African buildings are frequently cylindrical (round). The Xhosa people of southern Africa construct rondavels, which are spherical one-room dwellings. A rondavel is normally constructed from a ring of timber poles that is filled with mud or basket weave and capped with a conical thatched roof.
The Igbo people of southeast Nigeria build open-sided homes called ijes. These are usually made from wood but sometimes also from clay or even concrete. The walls are always upright except at the entrance, where they lean against each other to form a door way. There are no windows, only holes for smoke to escape. The floor is usually made from beaten earth.
In Ghana, Kenya and other parts of East Africa, houses are often made from mud bricks or stone blocks. They usually have flat roofs made from tiles or gravel. Rooms may be separated by wooden posts or rails. Windows and doors would be too expensive to use as building materials so instead hot air is brought in through ventholes in the roof or walls.
In South Africa, Zimbabwe and elsewhere in Southern Africa, houses are usually made from metal sheets or bars welded together. Walls and ceilings are usually without paper or cloth, only the floor may be covered with ceramic tiles or wood boards. Windows and doors can be very expensive as well so these are rarely used as such instead curtains or blankets are used to cover the openings.
The traditional type of house in Lesotho is called a rondavel. A rondavel is a type of traditional African home. It is typically circular in shape and is traditionally produced with raw materials that may be sourced locally. The walls of a rondavel are frequently made of stones. In some cases, wood or mud is used instead.
There are several types of rondavals. Some are one room while others have multiple rooms. All tend to follow a similar design and use many of the same materials. They can be built for either seasonal or permanent use. When built for temporary use, they have roofs that are designed to be taken down and moved to another location if needed.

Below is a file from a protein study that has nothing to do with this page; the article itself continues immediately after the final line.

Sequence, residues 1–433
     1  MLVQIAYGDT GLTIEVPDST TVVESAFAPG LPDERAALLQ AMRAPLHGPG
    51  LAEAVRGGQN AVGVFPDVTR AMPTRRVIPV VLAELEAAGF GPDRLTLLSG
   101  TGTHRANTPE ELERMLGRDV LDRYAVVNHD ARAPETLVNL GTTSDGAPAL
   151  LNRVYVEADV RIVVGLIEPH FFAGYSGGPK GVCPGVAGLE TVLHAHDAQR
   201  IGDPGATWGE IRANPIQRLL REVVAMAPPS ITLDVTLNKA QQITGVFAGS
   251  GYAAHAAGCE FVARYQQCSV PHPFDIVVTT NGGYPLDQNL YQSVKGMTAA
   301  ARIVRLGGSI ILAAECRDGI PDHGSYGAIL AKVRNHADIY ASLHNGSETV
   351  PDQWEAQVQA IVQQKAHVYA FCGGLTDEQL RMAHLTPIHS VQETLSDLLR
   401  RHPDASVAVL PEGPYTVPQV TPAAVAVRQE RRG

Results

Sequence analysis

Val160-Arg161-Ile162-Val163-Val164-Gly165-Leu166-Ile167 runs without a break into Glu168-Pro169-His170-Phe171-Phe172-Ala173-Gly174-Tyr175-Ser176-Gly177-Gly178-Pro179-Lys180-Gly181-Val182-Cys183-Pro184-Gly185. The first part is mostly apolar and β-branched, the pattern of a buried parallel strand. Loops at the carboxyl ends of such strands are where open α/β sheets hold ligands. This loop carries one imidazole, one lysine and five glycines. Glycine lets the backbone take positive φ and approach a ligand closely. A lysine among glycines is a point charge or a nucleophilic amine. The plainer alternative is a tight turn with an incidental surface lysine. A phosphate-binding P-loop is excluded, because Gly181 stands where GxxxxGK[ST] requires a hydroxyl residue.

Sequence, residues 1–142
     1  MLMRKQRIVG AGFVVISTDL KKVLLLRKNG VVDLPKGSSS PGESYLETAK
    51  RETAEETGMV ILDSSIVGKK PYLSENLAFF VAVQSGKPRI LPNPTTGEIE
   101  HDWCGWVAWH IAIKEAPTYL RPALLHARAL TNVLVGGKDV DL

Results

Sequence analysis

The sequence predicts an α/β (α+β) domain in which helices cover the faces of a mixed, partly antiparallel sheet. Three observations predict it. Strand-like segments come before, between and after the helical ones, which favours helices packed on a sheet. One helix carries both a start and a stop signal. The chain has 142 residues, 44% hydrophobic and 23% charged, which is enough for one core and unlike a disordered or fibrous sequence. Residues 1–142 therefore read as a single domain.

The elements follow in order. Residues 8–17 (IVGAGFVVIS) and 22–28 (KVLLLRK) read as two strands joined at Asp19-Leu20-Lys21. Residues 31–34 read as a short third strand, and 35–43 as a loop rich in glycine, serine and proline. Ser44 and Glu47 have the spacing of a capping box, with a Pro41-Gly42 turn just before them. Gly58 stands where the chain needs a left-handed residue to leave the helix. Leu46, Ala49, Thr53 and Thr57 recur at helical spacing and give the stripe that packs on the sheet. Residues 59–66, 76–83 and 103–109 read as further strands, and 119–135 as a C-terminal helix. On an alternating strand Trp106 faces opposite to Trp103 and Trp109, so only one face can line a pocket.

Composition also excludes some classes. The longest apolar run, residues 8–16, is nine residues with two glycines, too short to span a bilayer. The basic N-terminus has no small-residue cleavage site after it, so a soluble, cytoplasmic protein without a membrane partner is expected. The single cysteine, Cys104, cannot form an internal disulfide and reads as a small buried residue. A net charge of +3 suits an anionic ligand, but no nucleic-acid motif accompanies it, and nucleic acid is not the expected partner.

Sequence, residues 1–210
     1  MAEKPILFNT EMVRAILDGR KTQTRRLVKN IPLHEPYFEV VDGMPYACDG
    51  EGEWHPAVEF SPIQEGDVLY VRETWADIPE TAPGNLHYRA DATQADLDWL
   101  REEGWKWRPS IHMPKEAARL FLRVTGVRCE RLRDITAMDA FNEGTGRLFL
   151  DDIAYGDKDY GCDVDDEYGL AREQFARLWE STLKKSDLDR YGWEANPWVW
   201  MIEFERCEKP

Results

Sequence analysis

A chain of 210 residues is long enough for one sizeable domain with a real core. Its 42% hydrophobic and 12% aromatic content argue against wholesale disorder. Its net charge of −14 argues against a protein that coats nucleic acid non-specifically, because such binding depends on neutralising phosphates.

Rondavals are common throughout Africa. There have been efforts by NGOs to revive their use through education programs about building skills.
In addition to rondavals, Lesotho has many other types of houses including thosemade from metal, cardboard, and clay. Although these houses are used for special occasions or when money is no object, they are usually not suitable for living in long-term as they do not have adequate insulation values.
Traditional houses in Lesotho were often made of mud bricks or stone. However, since the 1970s, concrete has become widely used as it is more durable and does not require constant maintenance like brick or stone buildings do.
They do not have access to basic necessities such as clean water and electricity. Their houses are either circular (rondavels) or rectangular in shape. Their dwellings are generally composed of mud or concrete blocks, with a thatched roof made of grass or iron sheets.
The Zulu people lived in small, one-room structures called "intake shacks." These were usually built on stilts out of bamboo and wood, with a thatched roof. There was only enough room inside an intake shack for a bed, a stool, and a cooking pot. A hole in the ground served as a toilet. In more rural areas, Indians used "bush toilets": they just dug a little hole and deposited their waste deep in the ground. When it rained, the smell was terrible!